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  • 1
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    Elsevier
    In:  Deep-Sea Research Part II-Topical Studies in Oceanography, 119 . pp. 69-76.
    Publication Date: 2017-12-19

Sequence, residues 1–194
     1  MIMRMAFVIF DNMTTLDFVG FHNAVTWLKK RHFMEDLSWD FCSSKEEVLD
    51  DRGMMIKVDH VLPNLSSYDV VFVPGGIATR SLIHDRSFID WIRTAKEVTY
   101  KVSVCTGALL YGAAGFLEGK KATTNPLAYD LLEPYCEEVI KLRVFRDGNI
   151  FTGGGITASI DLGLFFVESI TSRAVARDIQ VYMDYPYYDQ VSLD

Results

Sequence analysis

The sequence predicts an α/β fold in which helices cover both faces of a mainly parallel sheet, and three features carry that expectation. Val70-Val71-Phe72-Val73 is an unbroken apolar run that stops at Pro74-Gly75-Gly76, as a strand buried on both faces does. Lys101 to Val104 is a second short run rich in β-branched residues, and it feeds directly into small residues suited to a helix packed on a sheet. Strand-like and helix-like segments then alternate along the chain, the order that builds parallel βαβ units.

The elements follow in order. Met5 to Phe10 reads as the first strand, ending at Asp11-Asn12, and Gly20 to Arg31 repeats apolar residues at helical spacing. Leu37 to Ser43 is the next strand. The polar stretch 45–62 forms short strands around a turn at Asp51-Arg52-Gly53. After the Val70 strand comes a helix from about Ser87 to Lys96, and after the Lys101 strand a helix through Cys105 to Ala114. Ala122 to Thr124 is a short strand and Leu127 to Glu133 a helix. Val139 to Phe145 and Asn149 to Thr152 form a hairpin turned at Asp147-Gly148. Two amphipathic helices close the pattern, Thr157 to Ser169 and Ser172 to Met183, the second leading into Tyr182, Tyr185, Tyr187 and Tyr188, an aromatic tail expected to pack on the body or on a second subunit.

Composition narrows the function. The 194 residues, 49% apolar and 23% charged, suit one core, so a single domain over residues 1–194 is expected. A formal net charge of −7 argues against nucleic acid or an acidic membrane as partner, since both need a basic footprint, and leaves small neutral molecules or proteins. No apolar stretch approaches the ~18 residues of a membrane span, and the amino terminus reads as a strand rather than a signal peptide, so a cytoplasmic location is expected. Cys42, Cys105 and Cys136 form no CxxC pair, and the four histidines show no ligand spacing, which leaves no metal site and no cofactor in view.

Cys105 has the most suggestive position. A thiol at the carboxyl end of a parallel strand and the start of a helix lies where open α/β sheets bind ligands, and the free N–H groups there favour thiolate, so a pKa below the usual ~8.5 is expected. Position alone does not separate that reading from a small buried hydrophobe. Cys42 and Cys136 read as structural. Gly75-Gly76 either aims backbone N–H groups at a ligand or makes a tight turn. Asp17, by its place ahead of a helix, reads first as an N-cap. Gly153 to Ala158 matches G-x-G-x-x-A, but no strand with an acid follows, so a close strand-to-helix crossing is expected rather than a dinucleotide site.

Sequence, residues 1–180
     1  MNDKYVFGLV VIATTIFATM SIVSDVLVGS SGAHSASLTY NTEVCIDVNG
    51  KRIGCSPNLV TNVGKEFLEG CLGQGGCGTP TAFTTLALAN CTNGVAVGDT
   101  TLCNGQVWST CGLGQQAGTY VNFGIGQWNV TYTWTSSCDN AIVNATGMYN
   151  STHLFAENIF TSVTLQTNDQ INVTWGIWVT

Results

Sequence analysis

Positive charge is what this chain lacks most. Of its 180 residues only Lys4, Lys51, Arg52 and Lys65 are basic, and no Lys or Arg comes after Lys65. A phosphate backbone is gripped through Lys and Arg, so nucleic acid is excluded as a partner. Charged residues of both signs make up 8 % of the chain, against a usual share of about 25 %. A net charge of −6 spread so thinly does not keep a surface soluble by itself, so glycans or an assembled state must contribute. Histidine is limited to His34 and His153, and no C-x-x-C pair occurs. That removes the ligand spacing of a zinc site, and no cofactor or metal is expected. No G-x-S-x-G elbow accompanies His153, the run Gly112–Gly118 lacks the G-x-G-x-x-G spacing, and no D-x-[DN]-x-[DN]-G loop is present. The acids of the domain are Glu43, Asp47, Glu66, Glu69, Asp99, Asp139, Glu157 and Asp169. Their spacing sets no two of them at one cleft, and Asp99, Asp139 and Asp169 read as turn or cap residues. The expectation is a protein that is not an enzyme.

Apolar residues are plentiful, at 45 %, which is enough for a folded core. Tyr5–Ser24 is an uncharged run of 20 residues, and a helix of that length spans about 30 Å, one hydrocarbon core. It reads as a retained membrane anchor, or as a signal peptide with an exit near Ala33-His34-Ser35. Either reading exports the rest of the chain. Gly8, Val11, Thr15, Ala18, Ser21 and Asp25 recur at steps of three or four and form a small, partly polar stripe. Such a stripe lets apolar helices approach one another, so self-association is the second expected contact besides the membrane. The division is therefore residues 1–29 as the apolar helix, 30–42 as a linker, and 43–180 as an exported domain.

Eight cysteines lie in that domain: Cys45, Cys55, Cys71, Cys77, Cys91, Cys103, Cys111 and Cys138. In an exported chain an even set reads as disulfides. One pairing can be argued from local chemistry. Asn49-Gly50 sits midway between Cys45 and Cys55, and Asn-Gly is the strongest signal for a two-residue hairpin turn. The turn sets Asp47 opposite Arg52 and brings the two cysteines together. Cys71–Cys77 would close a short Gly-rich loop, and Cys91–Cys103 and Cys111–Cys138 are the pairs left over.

Description: Mesoscale eddies and meanders have been shown to be one of the dominant sources of flow variability in the world's ocean. One example of an isolated eddy hotspot is the South-West Indian Ridge (SWIR). Several investigations have shown that the SWIR and the corresponding planetary potential vorticity field (f/H) exert a strong influence on the location and dynamics of the Antarctic Circumpolar Current (ACC), resulting in substantial fragmentation of the jets downstream of the ridge. The easterly extension of this eddy corridor appears to be restricted to the deep channel separating the Conrad Rise from the Del Cano and Crozet Plateau. However, while the fate of eddies formed at the SWIR has been widely investigated and the frontal character of this eastward extension is well known, the zone of diminishing variability that extends southwards to approximately 60°S remains poorly sampled. Using a combination of Argo, AVISO and NCEP/NCAR datasets, the character of this eddy corridor as a conduit for warm core eddies to move across the ACC into the Antarctic zone is investigated. In this study, we track a single warm-core eddy as it moves southwards from an original position of 31°E, 50°20'S to where it dissipates 10 months later in the Enderby Basin at 56°20'S. An Argo float entrained within the eddy confirms that its water masses are consistent with water found within the Antarctic Polar Frontal Zone north of the APF. Latent and sensible heat fluxes are on average 8W/m2 and 10W/m2 greater over the eddy than directly east of this feature. It is estimated that the eddy lost an average of 5W/m2 of latent heat and 5W/m2 of sensible heat over a 1-year period, an amount capable of melting approximately 0.92m of sea ice. In addition, using an eddy tracking algorithm a total of 28 eddies are identified propagating southwards, 25 of which are anti-cyclonic in rotation. Based on the new Argo float data, combined with AVISO and NCEP/NCAR datasets, these results suggest that the southward passage of warm-core eddies act as vehicles transporting heat, salt and biota southwards across the ACC and into the eastern boundary of the Weddell gyre.